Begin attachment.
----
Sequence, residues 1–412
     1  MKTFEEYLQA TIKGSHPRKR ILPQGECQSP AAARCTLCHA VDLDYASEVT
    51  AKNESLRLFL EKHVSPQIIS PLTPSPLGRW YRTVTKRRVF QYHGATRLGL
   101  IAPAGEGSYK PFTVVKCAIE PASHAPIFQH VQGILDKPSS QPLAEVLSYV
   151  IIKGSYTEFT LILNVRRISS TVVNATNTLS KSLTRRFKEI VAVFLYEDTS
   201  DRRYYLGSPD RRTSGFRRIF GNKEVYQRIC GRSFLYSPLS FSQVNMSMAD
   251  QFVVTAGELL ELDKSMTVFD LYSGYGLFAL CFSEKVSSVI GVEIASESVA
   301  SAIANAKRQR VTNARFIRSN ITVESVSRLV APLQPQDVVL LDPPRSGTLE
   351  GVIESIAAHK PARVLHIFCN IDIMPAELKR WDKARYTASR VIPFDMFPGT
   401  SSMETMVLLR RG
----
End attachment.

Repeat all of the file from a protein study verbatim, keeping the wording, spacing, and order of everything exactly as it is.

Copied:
Sequence, residues 1–412
     1  MKTFEEYLQA TIKGSHPRKR ILPQGECQSP AAARCTLCHA VDLDYASEVT
    51  AKNESLRLFL EKHVSPQIIS PLTPSPLGRW YRTVTKRRVF QYHGATRLGL
   101  IAPAGEGSYK PFTVVKCAIE PASHAPIFQH VQGILDKPSS QPLAEVLSYV
   151  IIKGSYTEFT LILNVRRISS TVVNATNTLS KSLTRRFKEI VAVFLYEDTS
   201  DRRYYLGSPD RRTSGFRRIF GNKEVYQRIC GRSFLYSPLS FSQVNMSMAD
   251  QFVVTAGELL ELDKSMTVFD LYSGYGLFAL CFSEKVSSVI GVEIASESVA
   301  SAIANAKRQR VTNARFIRSN ITVESVSRLV APLQPQDVVL LDPPRSGTLE
   351  GVIESIAAHK PARVLHIFCN IDIMPAELKR WDKARYTASR VIPFDMFPGT
   401  SSMETMVLLR RG